We got a photo from a nudist colony. Because many years ago we would say, “If you’re watching us from somewhere else in the country or throughout North America, send us a picture of your group. And we’ll put it on TV.”

Well, that picture we couldn’t actually put on TV but we did mention it.

ROB:    I know you have won several awards for your other job you at the station covering the local arts scene.  You have also Entertainment News, which a program you tape during the week and airs on Saturday nights.

TONI:   That’s right.

ROB:    So, this must be one of the more rewarding parts of the job. Helping support music and the arts.

TONI:   Absolutely. I would dare you to find a person who at some point in their childhood maybe didn’t want to be a rock star, or an actress or a dancer. I wanted to be all of those things… unfortunately I don’t sing very well. I don’t act very well. And I really am not a very good dancer.

So, for me to be able to meet all of these artistic people is such a thrill. To be able to sit down with someone like Teresa Ennis who is such a talented and beautiful woman. To talk to her about her music is fantastic.

I remember when she and her sisters were first signed to Warner Music. We were at an East Coast Music Association conference. And they were very young girls at that time. They kind of looked at me like a big sister for that moment in time. We all kind of bonded during that weekend.

And then they were signing their first record deal. It was really exciting for me too, and emotional. Even though I’m supposed to be this hardnosed TV person, I do get caught up with the people I interview. It’s great to see how well Teresa has done. It’s a beautiful thing to have been able to watch her grow since the beginning.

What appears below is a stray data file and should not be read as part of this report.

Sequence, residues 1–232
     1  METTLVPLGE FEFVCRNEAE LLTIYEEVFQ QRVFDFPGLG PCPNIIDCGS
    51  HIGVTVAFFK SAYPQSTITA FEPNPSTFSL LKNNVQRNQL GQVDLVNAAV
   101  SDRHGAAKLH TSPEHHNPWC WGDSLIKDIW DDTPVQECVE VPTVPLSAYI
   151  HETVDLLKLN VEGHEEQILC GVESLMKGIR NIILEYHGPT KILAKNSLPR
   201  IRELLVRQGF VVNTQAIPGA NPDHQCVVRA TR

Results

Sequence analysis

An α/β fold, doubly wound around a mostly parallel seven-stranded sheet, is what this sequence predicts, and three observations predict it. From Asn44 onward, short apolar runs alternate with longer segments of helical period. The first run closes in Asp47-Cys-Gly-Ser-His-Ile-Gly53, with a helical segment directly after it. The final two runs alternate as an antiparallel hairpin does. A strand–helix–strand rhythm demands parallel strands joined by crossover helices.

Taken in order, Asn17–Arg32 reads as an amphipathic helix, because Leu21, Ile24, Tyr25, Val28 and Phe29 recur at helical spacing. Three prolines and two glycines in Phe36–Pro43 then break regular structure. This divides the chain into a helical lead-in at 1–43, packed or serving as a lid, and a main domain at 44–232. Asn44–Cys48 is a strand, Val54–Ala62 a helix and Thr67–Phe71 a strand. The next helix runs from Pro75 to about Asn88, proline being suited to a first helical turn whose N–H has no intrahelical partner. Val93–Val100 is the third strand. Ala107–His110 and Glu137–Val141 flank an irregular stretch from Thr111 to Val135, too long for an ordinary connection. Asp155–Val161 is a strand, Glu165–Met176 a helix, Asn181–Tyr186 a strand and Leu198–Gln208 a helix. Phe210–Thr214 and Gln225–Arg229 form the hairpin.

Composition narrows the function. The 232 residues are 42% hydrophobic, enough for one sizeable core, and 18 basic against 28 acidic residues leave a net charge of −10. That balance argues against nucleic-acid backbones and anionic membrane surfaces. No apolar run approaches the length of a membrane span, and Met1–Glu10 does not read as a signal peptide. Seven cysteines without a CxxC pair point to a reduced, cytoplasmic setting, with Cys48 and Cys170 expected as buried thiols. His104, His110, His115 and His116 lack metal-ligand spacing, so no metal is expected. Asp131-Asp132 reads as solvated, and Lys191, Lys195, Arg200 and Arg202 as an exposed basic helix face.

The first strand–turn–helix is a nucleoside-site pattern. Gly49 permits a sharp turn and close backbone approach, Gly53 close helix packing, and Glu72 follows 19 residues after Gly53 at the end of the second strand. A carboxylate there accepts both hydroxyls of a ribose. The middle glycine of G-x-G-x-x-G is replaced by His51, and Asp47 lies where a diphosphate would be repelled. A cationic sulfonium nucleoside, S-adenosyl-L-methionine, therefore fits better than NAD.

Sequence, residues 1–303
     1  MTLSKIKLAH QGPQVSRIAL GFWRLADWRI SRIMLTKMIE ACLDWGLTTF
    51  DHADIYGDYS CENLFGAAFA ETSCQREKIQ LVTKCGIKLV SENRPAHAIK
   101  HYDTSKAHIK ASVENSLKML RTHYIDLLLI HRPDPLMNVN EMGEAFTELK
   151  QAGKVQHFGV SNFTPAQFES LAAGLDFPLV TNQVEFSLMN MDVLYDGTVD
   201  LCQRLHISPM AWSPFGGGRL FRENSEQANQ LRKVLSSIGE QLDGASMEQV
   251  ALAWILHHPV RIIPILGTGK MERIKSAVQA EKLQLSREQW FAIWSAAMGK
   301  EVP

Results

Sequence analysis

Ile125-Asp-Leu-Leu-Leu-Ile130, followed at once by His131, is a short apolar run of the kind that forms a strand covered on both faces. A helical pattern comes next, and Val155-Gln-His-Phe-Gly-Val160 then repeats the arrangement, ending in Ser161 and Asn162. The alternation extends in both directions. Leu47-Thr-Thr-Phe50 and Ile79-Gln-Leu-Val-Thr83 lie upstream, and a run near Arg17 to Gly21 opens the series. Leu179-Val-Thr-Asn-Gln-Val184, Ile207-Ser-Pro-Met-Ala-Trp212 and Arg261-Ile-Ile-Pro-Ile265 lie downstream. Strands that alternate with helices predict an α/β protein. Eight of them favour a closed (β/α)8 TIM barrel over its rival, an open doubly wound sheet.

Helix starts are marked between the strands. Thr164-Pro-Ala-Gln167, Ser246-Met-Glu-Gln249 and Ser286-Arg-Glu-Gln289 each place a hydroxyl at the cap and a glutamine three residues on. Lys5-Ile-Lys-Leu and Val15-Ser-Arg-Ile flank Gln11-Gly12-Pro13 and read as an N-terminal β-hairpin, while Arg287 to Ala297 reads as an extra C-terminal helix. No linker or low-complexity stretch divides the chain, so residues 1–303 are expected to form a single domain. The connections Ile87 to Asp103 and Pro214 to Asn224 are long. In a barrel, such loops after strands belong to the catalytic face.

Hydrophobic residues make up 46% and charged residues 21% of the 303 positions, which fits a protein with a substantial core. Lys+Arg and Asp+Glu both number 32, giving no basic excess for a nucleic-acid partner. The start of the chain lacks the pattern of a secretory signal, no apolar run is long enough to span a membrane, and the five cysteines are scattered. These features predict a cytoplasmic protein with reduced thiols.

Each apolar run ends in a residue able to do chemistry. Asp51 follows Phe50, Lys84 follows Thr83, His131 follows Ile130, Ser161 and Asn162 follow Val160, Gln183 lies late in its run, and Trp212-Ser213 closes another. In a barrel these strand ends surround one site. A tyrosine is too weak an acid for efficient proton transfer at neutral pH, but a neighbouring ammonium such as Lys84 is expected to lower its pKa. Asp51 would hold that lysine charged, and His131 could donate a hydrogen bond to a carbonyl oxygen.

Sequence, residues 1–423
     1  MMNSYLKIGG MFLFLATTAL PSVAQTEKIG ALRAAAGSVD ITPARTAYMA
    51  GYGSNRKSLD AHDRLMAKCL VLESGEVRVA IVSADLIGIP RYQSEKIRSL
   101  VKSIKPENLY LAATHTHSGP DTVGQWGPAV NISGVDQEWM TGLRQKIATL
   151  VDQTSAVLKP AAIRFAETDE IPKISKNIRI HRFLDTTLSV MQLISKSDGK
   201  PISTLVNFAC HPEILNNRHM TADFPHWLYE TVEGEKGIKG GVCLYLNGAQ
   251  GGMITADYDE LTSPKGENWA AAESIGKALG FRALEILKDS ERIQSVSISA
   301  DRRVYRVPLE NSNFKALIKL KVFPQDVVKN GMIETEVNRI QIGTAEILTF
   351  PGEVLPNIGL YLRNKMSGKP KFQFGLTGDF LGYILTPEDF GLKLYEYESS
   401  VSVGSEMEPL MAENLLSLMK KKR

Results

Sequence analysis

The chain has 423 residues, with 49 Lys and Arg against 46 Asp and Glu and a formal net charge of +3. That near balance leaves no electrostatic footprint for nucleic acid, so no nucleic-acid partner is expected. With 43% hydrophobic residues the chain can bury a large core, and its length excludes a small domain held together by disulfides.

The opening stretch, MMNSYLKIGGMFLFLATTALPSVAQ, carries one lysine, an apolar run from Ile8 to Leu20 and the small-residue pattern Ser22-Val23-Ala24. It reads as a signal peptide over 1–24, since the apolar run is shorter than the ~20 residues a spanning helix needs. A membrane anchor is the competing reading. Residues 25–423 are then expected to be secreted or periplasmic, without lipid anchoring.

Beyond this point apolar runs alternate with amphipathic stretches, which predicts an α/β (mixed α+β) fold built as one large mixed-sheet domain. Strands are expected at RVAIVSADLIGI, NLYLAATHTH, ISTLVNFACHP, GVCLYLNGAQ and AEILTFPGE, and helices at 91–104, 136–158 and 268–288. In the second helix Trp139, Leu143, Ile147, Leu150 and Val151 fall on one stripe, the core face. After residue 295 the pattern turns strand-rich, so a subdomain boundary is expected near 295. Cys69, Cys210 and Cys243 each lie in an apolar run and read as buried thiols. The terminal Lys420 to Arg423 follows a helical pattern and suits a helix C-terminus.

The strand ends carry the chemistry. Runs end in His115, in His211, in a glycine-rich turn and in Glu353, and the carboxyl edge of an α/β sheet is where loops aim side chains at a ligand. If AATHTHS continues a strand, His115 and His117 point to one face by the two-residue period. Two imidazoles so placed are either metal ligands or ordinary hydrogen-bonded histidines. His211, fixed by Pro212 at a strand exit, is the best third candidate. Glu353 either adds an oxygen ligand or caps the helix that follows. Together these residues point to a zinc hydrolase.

Damhnait Doyle is another. The first time I interviewed her, I guess she was about eighteen years old. And I mean she’s another fantastic talent. And to see how far she’s come.

ROB:    What was it like doing your entertainment reports when you started? I know originally you were doing news and then moved over to covering the arts.

TONI:   Yes, which was great for me and for the station. We’re supposed to be these hardnosed kinds of people in many ways. You’re not supposed to become personally involved or care about the people you interview.

It was quite difficult for me doing news stories and having to ask people questions that made them uncomfortable or made them upset. I really wasn’t that great at it.

If I was interviewing somebody and they didn’t want to answer the question I wouldn’t ask the question another way like most smart news reporters will do. I would just kind of say, “Oh that’s okay. I’m sorry. I didn’t mean to ask you that question.”

That doesn’t fly when you’re a news reporter, at least not with the news director. They thought that I was a great writer and that I could read and speak well. That I had great creative ideas, but probably not for news.

They allowed me to explore the entertainment field. They didn’t have anyone covering entertainment on a full-time basis at that point. That became my new job, in addition to the anchoring roles and radio roles that I had. But it was great. I’ve been doing that now for many years. And I think it’s the best thing that ever could have happened to me or for the company.